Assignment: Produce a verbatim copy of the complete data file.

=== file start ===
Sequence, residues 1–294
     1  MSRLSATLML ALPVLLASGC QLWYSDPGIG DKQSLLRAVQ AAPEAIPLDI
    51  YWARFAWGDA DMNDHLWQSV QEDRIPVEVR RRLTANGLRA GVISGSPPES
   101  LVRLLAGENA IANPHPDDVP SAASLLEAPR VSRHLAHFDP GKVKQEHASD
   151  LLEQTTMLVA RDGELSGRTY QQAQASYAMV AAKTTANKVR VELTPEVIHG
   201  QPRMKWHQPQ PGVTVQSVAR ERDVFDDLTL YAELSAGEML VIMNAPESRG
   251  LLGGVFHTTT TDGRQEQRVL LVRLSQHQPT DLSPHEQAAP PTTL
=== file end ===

Sequence, residues 1–294
     1  MSRLSATLML ALPVLLASGC QLWYSDPGIG DKQSLLRAVQ AAPEAIPLDI
    51  YWARFAWGDA DMNDHLWQSV QEDRIPVEVR RRLTANGLRA GVISGSPPES
   101  LVRLLAGENA IANPHPDDVP SAASLLEAPR VSRHLAHFDP GKVKQEHASD
   151  LLEQTTMLVA RDGELSGRTY QQAQASYAMV AAKTTANKVR VELTPEVIHG
   201  QPRMKWHQPQ PGVTVQSVAR ERDVFDDLTL YAELSAGEML VIMNAPESRG
   251  LLGGVFHTTT TDGRQEQRVL LVRLSQHQPT DLSPHEQAAP PTTL